On that very same day, December 10th, Britain’s Telegraph headlined and sub-headed “Syrian rebels defy US and pledge allegiance to jihadi group: Rebel groups across Syria are defying the United States by pledging their allegiance to a group that Washington will designate today a terrorist organization for its alleged links to al-Qaeda.” That report opened: “A total of 29 opposition groups, including fighting ‘brigades’ and civilian committees, have signed a petition calling for mass demonstrations in support of Jabhat al-Nusra, an Islamist group which the White House believes is an offshoot of al-Qaeda in Iraq.” So: no one could reasonably doubt that America’s alleged ‘rebels’ in Syria were, in fact, loyal to al-Nusra. Yet, the EU and U.S. continued supporting them.
Also on that same day, Bill Roggio at Long War Journal bannered, “Al Nusrah Front, foreign jihadists seize key Syrian base in Aleppo”, and he reported that, “The Syrian government has warned that rebels may also use chemical weapons after the Al Nusrah Front took control of a chlorine factory in Aleppo last week. Islamists hold sway over new rebel military command.” So: it was already clear, even then, that the ‘rebels’ were interested in perpetrating against civilians a chemical-weapons attack that their supporters in the U.S. and EU could then blame against Syria’s Government as being an alleged reason to invade Syria by their own forces in order to ‘protect the Syrian people and establish democracy and human rights there’, or similar lies.
The next day, December 11th, Roggio reported that “The Al Nusrah Front has by far taken the lead among the jihadist groups in executing suicide and other complex attacks against the Syrian military. The terror group is known to conduct joint operations with other Syrian jihadist organizations.”
And, on the very next day, December 12th, Roggio headlined “Syrian National Coalition urges US to drop Al Nusrah terrorism designation”. Anyone who, after this, didn’t know that the U.S. and EU were supporting jihadists to take control over Syria, was very deceived, because the truth was now known, and was then being subsequently hidden from the public, by almost all of the subsequent ‘news’-reporting. But there were a few exceptions:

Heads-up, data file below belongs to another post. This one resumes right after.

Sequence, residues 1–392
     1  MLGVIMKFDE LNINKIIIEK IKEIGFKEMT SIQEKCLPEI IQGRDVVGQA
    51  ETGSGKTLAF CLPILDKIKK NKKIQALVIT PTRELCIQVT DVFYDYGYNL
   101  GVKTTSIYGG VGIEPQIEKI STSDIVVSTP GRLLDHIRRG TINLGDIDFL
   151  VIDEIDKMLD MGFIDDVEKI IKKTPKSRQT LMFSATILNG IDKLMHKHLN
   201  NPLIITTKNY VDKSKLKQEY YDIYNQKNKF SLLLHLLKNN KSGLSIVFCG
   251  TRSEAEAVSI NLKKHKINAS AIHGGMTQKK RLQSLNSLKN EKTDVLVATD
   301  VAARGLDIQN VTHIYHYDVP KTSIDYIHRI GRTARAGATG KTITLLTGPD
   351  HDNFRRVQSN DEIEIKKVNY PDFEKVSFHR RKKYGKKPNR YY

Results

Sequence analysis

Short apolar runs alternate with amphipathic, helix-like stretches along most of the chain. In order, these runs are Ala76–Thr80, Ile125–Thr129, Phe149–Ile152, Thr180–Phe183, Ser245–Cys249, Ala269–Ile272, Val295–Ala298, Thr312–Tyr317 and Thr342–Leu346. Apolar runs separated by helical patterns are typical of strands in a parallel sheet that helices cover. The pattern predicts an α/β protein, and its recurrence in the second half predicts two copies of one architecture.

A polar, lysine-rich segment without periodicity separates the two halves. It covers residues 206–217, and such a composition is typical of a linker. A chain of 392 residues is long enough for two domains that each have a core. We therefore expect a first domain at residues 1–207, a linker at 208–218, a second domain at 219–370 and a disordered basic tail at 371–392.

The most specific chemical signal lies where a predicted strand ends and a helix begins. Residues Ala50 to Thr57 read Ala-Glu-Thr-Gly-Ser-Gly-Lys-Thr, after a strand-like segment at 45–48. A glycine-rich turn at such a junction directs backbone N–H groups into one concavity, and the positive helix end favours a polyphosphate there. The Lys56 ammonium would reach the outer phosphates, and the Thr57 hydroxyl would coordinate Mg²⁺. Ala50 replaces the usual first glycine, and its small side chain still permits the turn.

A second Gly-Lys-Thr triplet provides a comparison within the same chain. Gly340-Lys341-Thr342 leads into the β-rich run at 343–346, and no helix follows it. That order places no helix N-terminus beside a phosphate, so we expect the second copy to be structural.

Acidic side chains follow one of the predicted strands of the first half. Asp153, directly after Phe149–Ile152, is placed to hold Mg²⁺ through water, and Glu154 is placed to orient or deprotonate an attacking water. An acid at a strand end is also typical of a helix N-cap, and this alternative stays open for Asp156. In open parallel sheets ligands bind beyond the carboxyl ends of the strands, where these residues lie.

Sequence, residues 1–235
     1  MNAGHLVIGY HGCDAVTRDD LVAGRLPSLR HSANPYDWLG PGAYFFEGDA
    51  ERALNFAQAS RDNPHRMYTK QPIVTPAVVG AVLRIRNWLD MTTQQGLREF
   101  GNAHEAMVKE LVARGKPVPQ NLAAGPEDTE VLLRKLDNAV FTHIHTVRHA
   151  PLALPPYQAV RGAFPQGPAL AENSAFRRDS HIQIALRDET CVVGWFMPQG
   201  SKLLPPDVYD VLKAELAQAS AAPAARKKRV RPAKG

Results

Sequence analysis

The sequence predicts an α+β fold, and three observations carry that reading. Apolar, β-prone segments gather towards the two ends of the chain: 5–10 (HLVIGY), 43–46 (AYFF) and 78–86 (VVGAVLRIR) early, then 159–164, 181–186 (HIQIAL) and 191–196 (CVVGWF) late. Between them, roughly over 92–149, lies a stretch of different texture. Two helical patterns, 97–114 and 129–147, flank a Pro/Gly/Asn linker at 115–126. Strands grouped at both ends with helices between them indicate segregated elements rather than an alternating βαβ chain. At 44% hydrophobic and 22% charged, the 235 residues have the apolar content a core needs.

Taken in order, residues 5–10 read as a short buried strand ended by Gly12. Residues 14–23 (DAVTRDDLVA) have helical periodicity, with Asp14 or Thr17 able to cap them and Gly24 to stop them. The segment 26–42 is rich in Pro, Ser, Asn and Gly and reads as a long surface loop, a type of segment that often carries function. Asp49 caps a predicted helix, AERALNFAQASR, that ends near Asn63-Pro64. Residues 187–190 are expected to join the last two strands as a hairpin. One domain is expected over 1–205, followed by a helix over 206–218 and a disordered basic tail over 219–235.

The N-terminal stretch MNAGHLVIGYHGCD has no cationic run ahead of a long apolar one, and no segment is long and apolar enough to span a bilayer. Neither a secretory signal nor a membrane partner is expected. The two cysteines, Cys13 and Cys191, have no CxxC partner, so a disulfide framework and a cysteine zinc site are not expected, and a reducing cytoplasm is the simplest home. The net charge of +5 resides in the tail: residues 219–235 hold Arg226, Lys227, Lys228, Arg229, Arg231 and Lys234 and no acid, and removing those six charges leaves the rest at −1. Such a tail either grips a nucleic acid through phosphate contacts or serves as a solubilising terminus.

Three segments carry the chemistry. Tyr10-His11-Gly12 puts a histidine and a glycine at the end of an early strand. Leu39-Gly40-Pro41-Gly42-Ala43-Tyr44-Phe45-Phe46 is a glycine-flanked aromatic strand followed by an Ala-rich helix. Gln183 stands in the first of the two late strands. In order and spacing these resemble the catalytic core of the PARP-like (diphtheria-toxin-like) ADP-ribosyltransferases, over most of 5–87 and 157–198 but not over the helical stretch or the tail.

On 26 January 2013, Roggio reported that,
The Al Nusrah Front has now claimed credit for 46 of the 55 suicide attacks that have taken place in Syria since December 2011, according to a tally of the operations by The Long War Journal (note that multiple suicide bombers deployed in a single operaton are counted as part of a single attack).
Al Nusrah spearheads military assaults
Al Nusrah has also served as the vanguard for jihadist forces in the major attacks on Syrian military bases. In concert with allied jihadist groups such as the Ahrar al Sham, the Islamic Vanguard, Mujahedeen Shura Council, the Muhajireen Group, and Chechen fighters, the terror group has overrun three large Syrian installations since last fall.
On 20 April 2013, Reuters headlined “Rebels battle with tribesmen over oil in Syria’s east” and reported that, “The EU said this week it wants to allow Syria’s opposition to sell crude in an effort to tilt the balance of power towards the rebels.” The EU supported and backed the ‘rebels’ seizure and black-market sale of whatever oil they could steal from Syria. This was the EU’s ‘humanitarianism’.